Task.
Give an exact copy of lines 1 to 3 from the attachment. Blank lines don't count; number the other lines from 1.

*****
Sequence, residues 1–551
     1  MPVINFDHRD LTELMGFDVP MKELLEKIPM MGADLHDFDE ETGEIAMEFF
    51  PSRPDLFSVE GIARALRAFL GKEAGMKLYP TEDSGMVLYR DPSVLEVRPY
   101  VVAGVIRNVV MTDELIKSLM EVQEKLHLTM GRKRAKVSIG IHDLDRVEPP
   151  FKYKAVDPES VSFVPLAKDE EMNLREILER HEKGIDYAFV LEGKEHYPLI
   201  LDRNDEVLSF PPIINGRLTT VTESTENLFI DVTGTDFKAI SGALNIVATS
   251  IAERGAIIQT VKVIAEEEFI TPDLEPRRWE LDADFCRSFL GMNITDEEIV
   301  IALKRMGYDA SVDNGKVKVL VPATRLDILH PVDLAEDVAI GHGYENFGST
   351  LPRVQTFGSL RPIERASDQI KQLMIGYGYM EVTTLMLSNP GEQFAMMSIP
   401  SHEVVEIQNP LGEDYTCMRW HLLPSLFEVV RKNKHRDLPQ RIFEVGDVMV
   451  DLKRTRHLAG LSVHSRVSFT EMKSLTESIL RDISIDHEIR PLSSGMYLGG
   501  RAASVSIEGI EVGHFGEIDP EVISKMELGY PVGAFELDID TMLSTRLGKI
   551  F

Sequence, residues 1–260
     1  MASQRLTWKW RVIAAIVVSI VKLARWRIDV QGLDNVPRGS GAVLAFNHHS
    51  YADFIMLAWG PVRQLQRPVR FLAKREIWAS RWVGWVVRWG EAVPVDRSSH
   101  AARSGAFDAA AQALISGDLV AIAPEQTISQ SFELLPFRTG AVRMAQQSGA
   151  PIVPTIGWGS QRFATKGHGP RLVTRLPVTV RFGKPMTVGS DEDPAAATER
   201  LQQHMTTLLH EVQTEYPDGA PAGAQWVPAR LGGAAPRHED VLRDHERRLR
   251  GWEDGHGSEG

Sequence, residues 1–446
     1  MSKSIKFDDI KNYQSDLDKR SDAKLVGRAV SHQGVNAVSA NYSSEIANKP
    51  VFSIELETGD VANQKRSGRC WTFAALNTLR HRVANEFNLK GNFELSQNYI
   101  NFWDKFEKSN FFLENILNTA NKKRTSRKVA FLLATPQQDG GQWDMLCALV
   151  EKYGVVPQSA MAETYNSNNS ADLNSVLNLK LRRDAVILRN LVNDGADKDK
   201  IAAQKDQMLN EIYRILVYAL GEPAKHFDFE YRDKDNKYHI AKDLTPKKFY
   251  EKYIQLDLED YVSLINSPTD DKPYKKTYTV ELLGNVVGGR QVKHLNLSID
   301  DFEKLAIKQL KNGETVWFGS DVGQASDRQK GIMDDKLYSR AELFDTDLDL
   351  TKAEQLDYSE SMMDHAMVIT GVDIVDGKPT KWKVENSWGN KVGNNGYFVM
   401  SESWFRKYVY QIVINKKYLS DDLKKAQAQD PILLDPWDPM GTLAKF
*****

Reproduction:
Sequence, residues 1–551
     1  MPVINFDHRD LTELMGFDVP MKELLEKIPM MGADLHDFDE ETGEIAMEFF
    51  PSRPDLFSVE GIARALRAFL GKEAGMKLYP TEDSGMVLYR DPSVLEVRPY